Archive

January 3rd, 2016

A valuable lesson in First Amendment protections

    Here's the issue in a real free-speech case just decided by the U.S. Court of Appeals for the Ninth Circuit: Can someone be refused a teaching certification because of his otherwise protected social or political views? The answer sounds like it should be no, doesn't it?

    Now let me frame the exact same case differently: Should a state have to grant teaching certification to someone who says sex with children should be legalized and that there's no point in trying to mainstream disabled students? It doesn't sound like the answer should be yes, right?

    Behold the beauty, and the challenge, of First Amendment law. Not only are the questions hard, but it's also hard to say what the right questions really are.

    So what did the court do? If you like the common-sense concrete, you'll be pleased to know that the Ninth Circuit decision crafted a new doctrine for student certification cases, and held that the University of Hawaii could block Mark Oyama from becoming a teacher.

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2015: The Year Of The Crybaby

    With a presidential election year coming, it's tempting to call 2015 the Year of the Crybaby. Everybody's a victim. Judging by TV and social media, roughly half the nation believes it's being oppressed by the other half. Everybody's throwing themselves a pity party.

    There's an awful lot of self-dramatization going on.

    Everywhere you look, somebody's getting fitted for a hairshirt.

    I was first moved to this thought by an extraordinary "Voices" letter to my local newspaper, the Arkansas Democrat-Gazette. A fellow in Siloam Springs was offended by columnist John Brummett's criticism of "extreme evangelical professed Christians in Iowa."

    Brummett thinks the Iowa GOP primary gives undue attention to people who think "that God forgives everything but liberalism." This infuriated the reader, who proclaimed his constitutionally guaranteed right to oppose "abortion, divorce, gay marriage, etc." regardless of Supreme Court rulings. Should he lose it, "these United States will cease being America."

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Why I refuse to condemn terrorism

    As an American Muslim, I am consistently and aggressively asked -- by media figures, religious leaders, politicians and Internet trolls -- to condemn terrorism to prove my patriotism.

    I emphatically refuse.

    Make no mistake: The terror imposed by those who sympathize with Daesh (an Arabic acronym for the Islamic State militant group), al-Qaida, Boko Haram, al-Shabab and other groups is just as foreign to me as the terror advanced by mostly white men at the alarming rate of one mass killing every two weeks in this country.

    Therefore, just as I have never been asked to condemn Dylann Storm Roof's attack on parishioners of a historic black church in South Carolina, Robert Dear's attack on a Planned Parenthood facility, the murder of 20 children at Sandy Hook Elementary School, or the slaughter of moviegoers in Colorado or Louisiana, I will not be bullied into condemning terror perpetrated by psychopaths who misrepresent and distort Islam for their deranged purposes.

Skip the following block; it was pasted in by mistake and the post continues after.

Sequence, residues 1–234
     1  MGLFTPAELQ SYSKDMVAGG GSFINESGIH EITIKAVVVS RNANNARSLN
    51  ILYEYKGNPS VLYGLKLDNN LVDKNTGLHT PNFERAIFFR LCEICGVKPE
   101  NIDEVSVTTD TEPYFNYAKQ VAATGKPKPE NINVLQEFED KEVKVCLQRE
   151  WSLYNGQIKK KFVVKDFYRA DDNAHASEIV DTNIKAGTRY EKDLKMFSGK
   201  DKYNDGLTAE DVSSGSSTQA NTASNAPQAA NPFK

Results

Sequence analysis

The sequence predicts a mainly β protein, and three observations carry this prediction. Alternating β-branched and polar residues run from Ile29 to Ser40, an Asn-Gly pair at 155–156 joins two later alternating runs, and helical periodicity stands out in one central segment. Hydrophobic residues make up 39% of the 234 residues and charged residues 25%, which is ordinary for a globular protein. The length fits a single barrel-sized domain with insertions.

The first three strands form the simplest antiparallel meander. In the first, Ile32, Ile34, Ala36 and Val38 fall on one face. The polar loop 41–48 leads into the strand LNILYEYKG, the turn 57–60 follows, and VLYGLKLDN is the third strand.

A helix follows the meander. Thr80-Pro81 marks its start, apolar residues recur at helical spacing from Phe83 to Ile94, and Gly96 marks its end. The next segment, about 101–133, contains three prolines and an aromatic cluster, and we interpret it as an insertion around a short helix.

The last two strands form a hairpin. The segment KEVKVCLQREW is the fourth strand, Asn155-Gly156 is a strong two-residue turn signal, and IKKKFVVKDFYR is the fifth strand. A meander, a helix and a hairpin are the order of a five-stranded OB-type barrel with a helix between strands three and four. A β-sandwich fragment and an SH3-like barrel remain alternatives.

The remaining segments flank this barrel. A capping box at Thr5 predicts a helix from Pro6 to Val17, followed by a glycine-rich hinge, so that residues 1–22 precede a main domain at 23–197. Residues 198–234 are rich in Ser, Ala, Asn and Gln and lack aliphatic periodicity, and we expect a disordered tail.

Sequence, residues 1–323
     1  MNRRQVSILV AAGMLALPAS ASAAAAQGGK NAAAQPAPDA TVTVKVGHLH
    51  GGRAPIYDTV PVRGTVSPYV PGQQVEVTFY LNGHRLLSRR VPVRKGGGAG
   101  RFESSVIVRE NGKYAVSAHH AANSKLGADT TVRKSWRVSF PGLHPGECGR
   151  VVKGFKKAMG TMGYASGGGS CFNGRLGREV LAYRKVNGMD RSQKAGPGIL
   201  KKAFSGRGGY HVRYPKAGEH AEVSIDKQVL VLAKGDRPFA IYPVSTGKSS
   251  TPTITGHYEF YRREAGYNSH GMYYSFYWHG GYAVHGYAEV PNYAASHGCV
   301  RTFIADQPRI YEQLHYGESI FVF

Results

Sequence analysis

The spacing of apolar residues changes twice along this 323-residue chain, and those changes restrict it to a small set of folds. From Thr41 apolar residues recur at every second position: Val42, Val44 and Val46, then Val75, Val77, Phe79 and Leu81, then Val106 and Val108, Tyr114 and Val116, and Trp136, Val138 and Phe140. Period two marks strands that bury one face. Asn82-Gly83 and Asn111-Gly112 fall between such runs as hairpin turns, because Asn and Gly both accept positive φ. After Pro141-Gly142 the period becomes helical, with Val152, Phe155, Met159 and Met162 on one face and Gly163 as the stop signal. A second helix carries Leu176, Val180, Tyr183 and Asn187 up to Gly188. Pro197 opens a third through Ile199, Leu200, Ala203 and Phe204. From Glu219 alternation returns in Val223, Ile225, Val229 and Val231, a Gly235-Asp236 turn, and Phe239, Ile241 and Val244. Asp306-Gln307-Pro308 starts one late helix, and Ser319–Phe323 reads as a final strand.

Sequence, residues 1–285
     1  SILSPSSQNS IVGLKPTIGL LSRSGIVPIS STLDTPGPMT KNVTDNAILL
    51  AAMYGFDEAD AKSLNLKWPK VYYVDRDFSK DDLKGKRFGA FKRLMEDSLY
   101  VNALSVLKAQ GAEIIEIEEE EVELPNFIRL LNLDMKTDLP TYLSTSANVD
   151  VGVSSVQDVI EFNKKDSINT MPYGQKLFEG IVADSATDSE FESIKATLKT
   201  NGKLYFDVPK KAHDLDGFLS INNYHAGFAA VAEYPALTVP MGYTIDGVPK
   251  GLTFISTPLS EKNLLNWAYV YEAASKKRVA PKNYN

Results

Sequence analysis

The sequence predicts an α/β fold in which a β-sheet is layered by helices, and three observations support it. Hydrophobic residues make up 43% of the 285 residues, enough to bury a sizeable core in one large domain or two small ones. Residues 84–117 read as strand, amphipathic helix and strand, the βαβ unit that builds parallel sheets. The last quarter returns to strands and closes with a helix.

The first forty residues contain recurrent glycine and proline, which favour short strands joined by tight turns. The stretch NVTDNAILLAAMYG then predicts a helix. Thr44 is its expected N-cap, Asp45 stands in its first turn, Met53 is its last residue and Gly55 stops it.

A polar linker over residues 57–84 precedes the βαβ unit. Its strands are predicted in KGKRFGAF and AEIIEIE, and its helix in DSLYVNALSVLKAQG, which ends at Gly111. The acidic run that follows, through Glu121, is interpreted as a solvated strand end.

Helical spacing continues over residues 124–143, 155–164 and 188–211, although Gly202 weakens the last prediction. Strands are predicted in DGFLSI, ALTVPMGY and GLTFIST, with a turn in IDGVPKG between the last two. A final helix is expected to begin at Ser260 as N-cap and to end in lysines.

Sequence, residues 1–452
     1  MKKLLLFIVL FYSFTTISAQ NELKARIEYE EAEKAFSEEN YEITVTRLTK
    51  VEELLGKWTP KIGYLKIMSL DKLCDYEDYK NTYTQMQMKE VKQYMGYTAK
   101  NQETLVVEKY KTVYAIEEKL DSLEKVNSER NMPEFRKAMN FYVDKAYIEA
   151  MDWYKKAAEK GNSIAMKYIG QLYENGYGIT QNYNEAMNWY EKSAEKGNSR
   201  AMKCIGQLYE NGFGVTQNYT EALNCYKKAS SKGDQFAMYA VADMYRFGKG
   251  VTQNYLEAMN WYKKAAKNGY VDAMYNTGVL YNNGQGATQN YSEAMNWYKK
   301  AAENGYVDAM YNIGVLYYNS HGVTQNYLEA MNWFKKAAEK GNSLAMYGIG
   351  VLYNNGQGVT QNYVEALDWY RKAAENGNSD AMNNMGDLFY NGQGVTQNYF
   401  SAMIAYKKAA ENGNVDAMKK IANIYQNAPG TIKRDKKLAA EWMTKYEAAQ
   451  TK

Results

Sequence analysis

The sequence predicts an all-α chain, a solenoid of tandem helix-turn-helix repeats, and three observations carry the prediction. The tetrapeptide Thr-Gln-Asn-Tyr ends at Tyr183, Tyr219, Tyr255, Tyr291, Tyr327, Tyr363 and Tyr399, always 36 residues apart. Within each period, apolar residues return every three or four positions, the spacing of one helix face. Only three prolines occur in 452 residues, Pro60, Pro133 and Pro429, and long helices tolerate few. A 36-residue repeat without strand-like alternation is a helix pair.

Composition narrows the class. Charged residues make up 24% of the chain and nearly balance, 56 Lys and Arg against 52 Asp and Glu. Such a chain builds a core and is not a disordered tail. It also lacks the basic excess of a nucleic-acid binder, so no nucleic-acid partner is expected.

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We already know how to win the war on drugs

    It was the best of times, it was the worst of times. In January 1964, the Beatles first broke onto the Billboard chart with "I Want to Hold Your Hand"; by June, Ringo Starr had collapsed from tonsillitis and pharyngitis. In January, the surgeon general announced that scientists had found conclusive evidence linking smoking to cancer and thus launched our highly successful 50-year public-health fight against tobacco. In August, the North Vietnamese fired on a U.S. naval ship in the Gulf of Tonkin, which led to the Gulf of Tonkin Resolution and the public phase of the Vietnam War. Alongside an accelerating deployment of conventional troops would come their widespread use of marijuana and heroin.

    By 1971, cigarette ads had been banned from radio and television, the surgeon general had called for regulation of tobacco, and cigarette smoking had begun its long decline. The impact of drug use among troops and returning veterans provoked President Richard M. Nixon to declare a war on drugs.

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January 2nd

Doubling Down On W

    2015 was, of course, the year of Donald Trump, whose rise has inspired horror among establishment Republicans and, let’s face it, glee — call it Trumpenfreude — among many Democrats. But Trumpism has in one way worked to the GOP establishment’s advantage: it has distracted pundits and the press from the hard right turn even conventional Republican candidates have taken, a turn whose radicalism would have seemed implausible not long ago.

    After all, you might have expected the debacle of George W. Bush’s presidency — a debacle not just for the nation, but for the Republican Party, which saw Democrats both take the White House and achieve some major parts of their agenda — to inspire some reconsideration of W-type policies. What we’ve seen instead is a doubling down, a determination to take whatever didn’t work from 2001 to 2008 and do it again, in a more extreme form.